'Lower fees for foreign students'

September 25, 2008

International Student Income
UniversityTotal income (£)Per cent from non-EU fees
London School of Economics129,124,00033.5
University of the Arts118,402,00016.3
Oxford Brookes111,072,00014.2
Kent at Canterbury93,174,00013.3
Universities must be ready to lower the fees they charge international students if they are to continue to enjoy the benefits, financial and otherwise, that they bring.

Bahram Bekhradnia, director of the Higher Education Policy Institute, said the UK was in danger of pricing itself out of the market as global competition for students shifts.

Speaking at the "Global Perspective: Our International Future" conference at the University of Nottingham, he said the successful internationalisation of higher education in the UK underpinned much of the sector's overall prosperity.

However, he warned of "weaknesses and vulnerabilities", including the impact of a downturn in student numbers from overseas.

Listing the institutions most heavily dependent on fees from overseas students, he singled out the University of Bedfordshire as an example of one that could potentially face difficulties.

"Given that its total income and expenditure are pretty much in balance, any downturn in the international student market - to which I suspect universities such as Bedfordshire are particularly vulnerable - would be very bad news indeed," he said.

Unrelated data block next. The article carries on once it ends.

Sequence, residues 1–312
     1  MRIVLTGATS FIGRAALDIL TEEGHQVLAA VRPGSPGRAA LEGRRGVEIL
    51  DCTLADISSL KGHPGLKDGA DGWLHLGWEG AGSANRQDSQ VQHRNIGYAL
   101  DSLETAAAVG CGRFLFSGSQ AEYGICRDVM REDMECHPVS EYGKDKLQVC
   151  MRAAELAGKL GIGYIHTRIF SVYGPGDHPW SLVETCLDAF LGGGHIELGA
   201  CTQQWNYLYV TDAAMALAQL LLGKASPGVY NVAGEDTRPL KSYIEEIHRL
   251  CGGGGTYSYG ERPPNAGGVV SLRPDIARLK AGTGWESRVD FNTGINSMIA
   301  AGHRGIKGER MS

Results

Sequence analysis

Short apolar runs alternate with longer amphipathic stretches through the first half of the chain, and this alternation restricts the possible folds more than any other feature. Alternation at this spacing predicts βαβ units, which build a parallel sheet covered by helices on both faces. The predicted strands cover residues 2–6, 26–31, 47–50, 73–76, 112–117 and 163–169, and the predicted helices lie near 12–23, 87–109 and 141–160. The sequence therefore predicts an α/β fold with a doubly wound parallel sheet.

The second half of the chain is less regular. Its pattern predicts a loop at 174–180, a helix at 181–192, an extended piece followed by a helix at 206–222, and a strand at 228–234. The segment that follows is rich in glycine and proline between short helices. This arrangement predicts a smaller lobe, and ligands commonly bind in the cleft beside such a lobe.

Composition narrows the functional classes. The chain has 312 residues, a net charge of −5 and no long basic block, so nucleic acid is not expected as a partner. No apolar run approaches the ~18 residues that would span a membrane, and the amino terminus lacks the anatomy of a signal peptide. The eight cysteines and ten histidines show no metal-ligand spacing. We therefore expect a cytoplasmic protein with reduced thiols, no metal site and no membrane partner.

The UK had until now made hay from its reputation as one of the highest-quality sectors, he said, but this now under threat from other, cheaper countries.

"So far we have managed to maintain and expand our market despite the cost, and it is a remarkable fact and to our great credit that is so," he said.

"However, it is not at all clear that that is something that is sustainable long term. My fear is that we are pricing ourselves out of the market... We have to be prepared to lower fees in order to secure the many non-direct benefits that will follow."

Dr Bekhradnia went on to note that it was universities that would lose out financially if fees were lowered, and society and the economy as a whole that would benefit by the efforts to maintain high numbers of international students.

In this eventuality, he said, there was a case for a public subsidy for overseas students through more scholarships - a number of which have recently been cut.


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